Whatever you think of him, Sir Bob Geldof has to be applauded, in my opinion, for his tremendous humanitarianism and go-getting attitude.


Geldof and Midge Ure are once again working together to release a new Band Aid single to raise money for victims of Ebola. The new version will be recorded this Saturday and should be available for download on Monday morning. http://www.bbc.co.uk/news/entertainment-arts-29986704

Originally released in 1984, the single raised £8m for famine relief in Ethiopia. Some of you may remember the original line-up of some of the most iconic 80’s bands and singers:-

But what I respect most about Bob Geldof and Band Aid (and let's not forget Live Aid), is the legacy they continue to make between visionary leadership and global merger of the power of the music industry and popular music, with the very different but also powerful message of famine imagery to trigger philanthropic activity and among consumers of popular music. They are bound to do the same thing this year.

One of the main things about Geldof is his great vision and his ability to communicate that vision effectively so people can see the big picture and can contribute to it.

People want to work for more than a salary, to be part of something larger than themselves, something to be proud of and fight for, something they trust. Sound schmaltzy? I don’t think so, but take a look at 5 Top Tips for Leadership vision that probably ring true for Geldof:-

1. ‘Own’ it

Churchill said, “Before you can inspire with emotion you must be swamped with it yourself. Before you can move their tears, your own must flow. To convince them you must yourself believe.”

Your passion and conviction will be far more compelling that you words, the first person who should be excited about your vision, should be you.

2. Speak to their goals

Many leaders attempt to share their vision and connect it to their teams’ motivations as an afterthought.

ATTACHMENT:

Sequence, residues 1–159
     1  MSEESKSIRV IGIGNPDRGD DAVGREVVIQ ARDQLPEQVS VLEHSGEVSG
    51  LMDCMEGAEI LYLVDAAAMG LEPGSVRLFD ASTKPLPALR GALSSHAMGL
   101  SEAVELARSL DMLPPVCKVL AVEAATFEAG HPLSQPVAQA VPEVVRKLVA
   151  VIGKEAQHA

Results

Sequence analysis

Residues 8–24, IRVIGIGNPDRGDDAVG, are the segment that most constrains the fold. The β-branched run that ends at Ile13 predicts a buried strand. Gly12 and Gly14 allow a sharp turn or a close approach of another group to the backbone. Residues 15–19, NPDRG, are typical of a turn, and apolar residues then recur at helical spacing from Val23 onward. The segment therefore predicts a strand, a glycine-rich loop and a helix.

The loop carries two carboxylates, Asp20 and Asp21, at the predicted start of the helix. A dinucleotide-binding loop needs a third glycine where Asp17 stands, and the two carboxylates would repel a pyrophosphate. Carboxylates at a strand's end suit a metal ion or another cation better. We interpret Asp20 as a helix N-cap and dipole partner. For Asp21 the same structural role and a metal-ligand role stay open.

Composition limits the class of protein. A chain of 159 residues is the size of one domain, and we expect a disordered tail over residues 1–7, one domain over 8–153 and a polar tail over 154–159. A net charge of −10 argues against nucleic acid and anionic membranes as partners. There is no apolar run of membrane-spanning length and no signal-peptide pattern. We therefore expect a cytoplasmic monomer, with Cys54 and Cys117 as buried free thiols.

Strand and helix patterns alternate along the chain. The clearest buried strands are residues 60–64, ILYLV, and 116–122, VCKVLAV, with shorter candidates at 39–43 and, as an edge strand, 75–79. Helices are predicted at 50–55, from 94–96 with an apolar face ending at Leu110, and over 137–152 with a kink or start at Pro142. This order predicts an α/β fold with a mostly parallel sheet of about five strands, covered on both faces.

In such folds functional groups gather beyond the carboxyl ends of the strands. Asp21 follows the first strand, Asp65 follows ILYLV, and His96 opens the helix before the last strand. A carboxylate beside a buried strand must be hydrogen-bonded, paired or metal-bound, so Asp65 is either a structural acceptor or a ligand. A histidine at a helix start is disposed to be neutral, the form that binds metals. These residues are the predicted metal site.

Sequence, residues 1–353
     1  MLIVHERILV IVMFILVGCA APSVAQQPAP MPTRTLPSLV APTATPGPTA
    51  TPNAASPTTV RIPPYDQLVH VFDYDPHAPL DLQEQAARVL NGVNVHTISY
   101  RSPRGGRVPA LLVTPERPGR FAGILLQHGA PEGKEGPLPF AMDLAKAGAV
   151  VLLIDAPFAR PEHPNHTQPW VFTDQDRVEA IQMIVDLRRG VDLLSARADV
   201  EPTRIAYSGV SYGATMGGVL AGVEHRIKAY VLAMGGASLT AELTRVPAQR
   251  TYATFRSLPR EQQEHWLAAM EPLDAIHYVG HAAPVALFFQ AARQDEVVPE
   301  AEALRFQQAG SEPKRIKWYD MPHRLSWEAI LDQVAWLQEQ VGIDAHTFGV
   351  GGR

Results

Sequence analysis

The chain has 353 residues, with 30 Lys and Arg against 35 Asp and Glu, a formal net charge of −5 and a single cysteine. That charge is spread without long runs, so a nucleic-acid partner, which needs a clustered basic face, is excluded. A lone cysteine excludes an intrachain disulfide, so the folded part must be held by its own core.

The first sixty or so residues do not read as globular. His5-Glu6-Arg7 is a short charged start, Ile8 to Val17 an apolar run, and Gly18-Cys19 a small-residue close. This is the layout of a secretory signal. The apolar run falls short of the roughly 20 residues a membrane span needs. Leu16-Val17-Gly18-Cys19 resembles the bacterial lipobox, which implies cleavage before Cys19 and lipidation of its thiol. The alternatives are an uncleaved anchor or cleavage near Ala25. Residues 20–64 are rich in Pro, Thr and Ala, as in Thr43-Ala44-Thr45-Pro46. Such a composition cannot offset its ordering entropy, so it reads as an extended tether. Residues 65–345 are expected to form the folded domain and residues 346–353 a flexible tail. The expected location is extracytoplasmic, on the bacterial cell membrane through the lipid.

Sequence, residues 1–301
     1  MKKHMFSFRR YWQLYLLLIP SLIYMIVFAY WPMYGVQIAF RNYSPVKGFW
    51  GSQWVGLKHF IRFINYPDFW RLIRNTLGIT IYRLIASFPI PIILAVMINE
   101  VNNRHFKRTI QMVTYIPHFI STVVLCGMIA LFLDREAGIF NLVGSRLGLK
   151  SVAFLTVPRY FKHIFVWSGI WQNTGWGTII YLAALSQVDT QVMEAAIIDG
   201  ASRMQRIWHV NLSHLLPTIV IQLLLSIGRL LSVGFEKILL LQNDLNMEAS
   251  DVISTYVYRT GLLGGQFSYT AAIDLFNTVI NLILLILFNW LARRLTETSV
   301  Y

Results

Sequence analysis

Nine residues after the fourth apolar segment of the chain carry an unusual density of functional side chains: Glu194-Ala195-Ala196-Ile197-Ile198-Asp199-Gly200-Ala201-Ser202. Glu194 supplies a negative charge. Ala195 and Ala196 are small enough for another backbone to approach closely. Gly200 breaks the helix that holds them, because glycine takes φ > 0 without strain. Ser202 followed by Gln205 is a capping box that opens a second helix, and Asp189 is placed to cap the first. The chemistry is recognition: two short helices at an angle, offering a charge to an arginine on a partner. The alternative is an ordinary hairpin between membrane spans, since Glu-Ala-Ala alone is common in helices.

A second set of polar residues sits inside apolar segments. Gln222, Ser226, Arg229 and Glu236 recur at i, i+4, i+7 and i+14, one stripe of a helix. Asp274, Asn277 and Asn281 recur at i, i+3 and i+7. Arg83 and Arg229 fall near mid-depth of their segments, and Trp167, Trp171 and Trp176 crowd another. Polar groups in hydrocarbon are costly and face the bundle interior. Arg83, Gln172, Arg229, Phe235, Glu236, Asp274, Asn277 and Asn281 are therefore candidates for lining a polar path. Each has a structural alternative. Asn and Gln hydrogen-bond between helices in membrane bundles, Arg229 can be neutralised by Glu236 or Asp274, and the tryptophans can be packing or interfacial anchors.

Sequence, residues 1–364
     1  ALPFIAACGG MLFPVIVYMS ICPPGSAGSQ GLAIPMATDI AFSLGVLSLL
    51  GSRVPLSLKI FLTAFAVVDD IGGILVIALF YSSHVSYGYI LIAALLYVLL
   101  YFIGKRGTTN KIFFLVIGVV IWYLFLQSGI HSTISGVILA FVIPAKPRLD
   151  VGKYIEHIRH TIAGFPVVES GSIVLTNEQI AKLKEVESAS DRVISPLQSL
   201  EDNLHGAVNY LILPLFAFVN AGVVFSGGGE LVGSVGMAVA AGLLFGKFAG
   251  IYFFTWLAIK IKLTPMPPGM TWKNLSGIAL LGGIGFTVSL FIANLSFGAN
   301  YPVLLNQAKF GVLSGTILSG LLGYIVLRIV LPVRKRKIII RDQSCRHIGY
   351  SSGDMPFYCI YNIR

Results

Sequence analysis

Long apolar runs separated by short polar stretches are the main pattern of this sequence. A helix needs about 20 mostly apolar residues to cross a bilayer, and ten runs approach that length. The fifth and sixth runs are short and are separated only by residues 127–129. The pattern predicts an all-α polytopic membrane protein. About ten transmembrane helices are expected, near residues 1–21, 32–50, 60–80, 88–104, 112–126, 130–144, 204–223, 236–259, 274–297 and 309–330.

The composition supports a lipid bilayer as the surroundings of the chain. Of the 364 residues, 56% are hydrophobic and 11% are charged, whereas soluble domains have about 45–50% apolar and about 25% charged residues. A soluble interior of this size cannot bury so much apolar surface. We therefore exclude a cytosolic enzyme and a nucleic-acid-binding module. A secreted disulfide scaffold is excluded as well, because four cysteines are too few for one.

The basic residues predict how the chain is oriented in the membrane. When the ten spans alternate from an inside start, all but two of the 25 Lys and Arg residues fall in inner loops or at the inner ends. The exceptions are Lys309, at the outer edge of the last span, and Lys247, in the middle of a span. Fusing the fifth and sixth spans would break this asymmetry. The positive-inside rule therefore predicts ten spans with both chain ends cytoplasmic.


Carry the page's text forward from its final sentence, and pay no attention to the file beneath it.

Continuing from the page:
Instead, spend time learning about the goals and aspirations of your people, and then connect the vision of the organisation to THEIR goals.

3. Keep it simple

People are not usually motivated by complicated theories and abstract ideas.

The best communicators take the complex and make it simple.

Great leaders use terms and explanations that are easy to understand so anyone can catch this vision and be able to explain it to others.

4. Get ‘buy-in’

People rarely do anything until they see the personable, measurable benefits of taking action – “what’s in it for me?”

Get your people actively involved in shaping the vision. Why? Because were all far more inclined to support the things we’ve helped to create and we’re all far more inclined to take care of the things we own.

No matter how persuasive you are, be prepared to encounter resistance. Change is uncomfortable. It often makes people feel anxious and insecure.

Once you’ve cast a vision, give people time to accept it. The only way to get past the fear is to develop a vision more compelling than the fear.

Look for ways to focus on the passion behind the vision and people’s fears will soon take a backseat to their excitement.

5. Model your own commitment

Your team are watching your every move – what you say and more importantly, what you DO.

They want to see how personally you quickly spot inconsistencies in your language and behaviour if you aren’t fully dedicated.

So be vigilant and hold yourself accountable to a high standard.

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